Enhanced Rights Issue Framework: Temporary Relief Measures to Facilitate Fund Raising by Listed Issuers.
In this article, Gan Shao Qi discusses some of the recent measures announced to facilitate fund raising by listed issuers through a rights issue in Malaysia to assist companies and businesses that require access to immediate funding due to Covid-19.
On 10 November 2020, Bursa Malaysia Securities Berhad (“Bursa Malaysia”) and the Securities Commission Malaysia jointly announced, as a temporary relief measure, an enhanced rights issue framework1 (“Enhanced Rights Issue Mandate”).
NEW ISSUE OF SECURITIES UNDER BURSA MALAYSIA’S MAIN MARKET LISTING REQUIREMENTS (“LISTING REQUIREMENTS”)
When a listed issuer intends to issue new securities, it is required to obtain prior shareholders’ approval. Such shareholders’ approval can take the form of a “general mandate” or where the issue of new securities departs from the requirements of the general mandate, the approval of the shareholders is to be obtained in a general meeting for the precise terms and conditions of the issue.
GENERAL MANDATE EXPLAINED
Before the Enhanced Rights Issue Mandate and the 20% General Mandate described below, an issuance of securities can be undertaken by a listed issuer with a general mandate from its shareholders if the total number of shares or convertible securities to be issued, when aggregated with the total number of any such shares or convertible securities issued during the preceding 12 months, does not exceed 10% of the total number of issued shares (excluding treasury shares) of the listed issuer2 (“General Mandate”).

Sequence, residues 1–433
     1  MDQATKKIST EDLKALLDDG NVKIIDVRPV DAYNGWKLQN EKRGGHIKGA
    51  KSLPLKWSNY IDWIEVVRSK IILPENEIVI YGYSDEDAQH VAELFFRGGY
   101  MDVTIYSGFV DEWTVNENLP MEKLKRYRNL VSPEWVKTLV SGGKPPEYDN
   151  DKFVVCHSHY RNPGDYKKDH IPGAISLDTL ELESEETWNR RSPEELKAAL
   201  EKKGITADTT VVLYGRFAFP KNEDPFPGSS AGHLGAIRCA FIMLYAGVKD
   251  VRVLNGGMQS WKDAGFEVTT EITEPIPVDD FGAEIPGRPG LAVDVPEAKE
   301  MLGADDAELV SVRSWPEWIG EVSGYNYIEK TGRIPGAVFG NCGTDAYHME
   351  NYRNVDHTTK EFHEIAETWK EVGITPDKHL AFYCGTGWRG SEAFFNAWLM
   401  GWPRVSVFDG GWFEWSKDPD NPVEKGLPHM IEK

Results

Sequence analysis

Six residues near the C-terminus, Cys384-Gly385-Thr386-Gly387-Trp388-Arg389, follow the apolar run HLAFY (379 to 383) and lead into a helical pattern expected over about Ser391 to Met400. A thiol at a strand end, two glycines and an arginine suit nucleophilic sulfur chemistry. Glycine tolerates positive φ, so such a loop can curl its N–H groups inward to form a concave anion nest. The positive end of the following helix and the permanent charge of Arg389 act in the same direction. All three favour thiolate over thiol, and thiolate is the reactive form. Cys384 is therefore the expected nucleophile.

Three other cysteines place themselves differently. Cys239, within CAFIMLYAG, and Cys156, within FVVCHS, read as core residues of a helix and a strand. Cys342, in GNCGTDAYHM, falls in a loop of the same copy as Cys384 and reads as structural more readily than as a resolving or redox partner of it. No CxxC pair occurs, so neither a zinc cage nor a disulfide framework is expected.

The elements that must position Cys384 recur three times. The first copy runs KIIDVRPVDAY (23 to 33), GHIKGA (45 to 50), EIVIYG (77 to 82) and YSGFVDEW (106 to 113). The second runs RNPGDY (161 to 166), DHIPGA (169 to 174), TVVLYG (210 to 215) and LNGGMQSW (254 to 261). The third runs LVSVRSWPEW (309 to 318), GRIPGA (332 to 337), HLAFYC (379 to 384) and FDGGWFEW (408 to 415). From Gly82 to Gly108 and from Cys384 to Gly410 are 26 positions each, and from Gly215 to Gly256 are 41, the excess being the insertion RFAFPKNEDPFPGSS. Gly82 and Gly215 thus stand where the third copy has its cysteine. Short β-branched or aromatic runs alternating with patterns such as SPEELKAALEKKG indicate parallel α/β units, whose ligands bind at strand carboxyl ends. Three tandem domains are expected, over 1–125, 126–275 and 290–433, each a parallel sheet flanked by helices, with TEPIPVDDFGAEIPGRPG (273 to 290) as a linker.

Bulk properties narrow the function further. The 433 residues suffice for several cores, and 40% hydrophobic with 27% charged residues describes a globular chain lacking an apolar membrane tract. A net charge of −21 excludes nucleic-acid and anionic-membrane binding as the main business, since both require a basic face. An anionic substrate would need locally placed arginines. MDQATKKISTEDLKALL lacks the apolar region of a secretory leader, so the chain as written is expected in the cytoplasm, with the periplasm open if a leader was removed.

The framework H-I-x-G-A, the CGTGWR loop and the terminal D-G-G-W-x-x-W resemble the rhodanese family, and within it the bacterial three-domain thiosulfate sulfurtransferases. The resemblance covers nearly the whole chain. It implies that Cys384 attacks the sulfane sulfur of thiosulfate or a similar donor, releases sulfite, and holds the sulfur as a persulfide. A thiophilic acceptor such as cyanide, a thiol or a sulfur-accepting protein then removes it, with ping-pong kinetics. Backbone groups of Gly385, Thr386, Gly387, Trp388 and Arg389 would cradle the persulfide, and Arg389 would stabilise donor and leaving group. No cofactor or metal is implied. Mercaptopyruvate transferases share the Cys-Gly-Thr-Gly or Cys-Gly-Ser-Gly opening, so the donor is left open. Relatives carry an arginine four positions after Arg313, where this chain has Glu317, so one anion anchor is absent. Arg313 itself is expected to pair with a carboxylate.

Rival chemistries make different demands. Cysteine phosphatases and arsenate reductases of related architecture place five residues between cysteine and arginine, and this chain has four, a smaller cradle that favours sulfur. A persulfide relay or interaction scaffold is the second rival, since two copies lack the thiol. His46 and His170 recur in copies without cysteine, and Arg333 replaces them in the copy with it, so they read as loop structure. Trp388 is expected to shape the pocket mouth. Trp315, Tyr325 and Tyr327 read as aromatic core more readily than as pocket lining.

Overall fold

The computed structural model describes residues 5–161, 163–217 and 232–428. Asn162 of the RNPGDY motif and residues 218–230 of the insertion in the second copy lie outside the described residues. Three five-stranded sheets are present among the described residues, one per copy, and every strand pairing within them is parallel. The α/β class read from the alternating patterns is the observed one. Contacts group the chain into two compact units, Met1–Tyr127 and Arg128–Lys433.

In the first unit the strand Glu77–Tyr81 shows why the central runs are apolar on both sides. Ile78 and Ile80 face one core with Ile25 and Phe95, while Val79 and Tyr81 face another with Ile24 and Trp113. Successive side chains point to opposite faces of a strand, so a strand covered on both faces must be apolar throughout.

If the 10% limit is exceeded, the listed issuer will have to obtain shareholder approval in a general meeting with the precise terms and conditions of the issue before undertaking the issue of securities. A General Mandate, after it is obtained, authorises the listed issuer’s board of directors to decide on the details of the issuance and allotment of securities as and when it deems appropriate.
Where a General Mandate is sought, the listed issuer is required to include in the statement accompanying the proposed resolution3 information such as:
- whether the mandate is new or a renewal;
- where such mandate is a renewal or has been sought for in the preceding year, the proceeds raised from the previous mandate (if any) and the details and status of the utilisation of proceeds; and
- the purpose and utilisation of proceeds from the General Mandate sought4.
One of the benefits of a General Mandate is that it expedites the fund raising of a listed issuer as a general meeting is not required to approve each capital increase. It also protects shareholders against dilution in their shareholding, as any issuance of securities will have to comply with the conditions in an approved General Mandate.
INCREASE IN GENERAL MANDATE LIMIT TO 20%
On 16 April 2020, Bursa Malaysia, recognising the need to give listed issuers fundraising flexibility to meet their working capital and operational expenditure during this challenging time, announced that the 10% limit under a General Mandate will be increased to 20%5 (“20% General Mandate”). Listed issuers have until 31 December 2021 to utilise the 20% General Mandate.